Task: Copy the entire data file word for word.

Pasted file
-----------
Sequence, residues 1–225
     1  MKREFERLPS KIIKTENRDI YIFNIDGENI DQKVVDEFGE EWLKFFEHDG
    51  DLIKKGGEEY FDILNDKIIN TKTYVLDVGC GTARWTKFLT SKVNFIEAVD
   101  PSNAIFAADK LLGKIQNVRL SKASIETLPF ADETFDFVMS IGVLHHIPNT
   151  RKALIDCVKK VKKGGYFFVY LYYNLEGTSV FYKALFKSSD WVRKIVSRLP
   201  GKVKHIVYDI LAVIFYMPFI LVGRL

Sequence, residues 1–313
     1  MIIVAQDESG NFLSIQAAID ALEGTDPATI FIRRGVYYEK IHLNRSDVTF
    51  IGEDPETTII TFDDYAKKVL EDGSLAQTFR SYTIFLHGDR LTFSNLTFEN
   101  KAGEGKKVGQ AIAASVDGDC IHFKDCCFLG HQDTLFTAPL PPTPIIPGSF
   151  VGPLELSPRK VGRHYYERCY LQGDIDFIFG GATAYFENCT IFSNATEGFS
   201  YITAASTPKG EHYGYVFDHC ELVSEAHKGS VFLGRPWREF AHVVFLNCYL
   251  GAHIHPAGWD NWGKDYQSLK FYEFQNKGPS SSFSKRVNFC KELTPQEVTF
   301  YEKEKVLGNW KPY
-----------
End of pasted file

Sequence, residues 1–225
     1  MKREFERLPS KIIKTENRDI YIFNIDGENI DQKVVDEFGE EWLKFFEHDG
    51  DLIKKGGEEY FDILNDKIIN TKTYVLDVGC GTARWTKFLT SKVNFIEAVD
   101  PSNAIFAADK LLGKIQNVRL SKASIETLPF ADETFDFVMS IGVLHHIPNT
   151  RKALIDCVKK VKKGGYFFVY LYYNLEGTSV FYKALFKSSD WVRKIVSRLP
   201  GKVKHIVYDI LAVIFYMPFI LVGRL

Sequence, residues 1–313
     1  MIIVAQDESG NFLSIQAAID ALEGTDPATI FIRRGVYYEK IHLNRSDVTF
    51  IGEDPETTII TFDDYAKKVL EDGSLAQTFR SYTIFLHGDR LTFSNLTFEN
   101  KAGEGKKVGQ AIAASVDGDC IHFKDCCFLG HQDTLFTAPL PPTPIIPGSF
   151  VGPLELSPRK VGRHYYERCY LQGDIDFIFG GATAYFENCT IFSNATEGFS
   201  YITAASTPKG EHYGYVFDHC ELVSEAHKGS VFLGRPWREF AHVVFLNCYL
   251  GAHIHPAGWD NWGKDYQSLK FYEFQNKGPS SSFSKRVNFC KELTPQEVTF
   301  YEKEKVLGNW KPY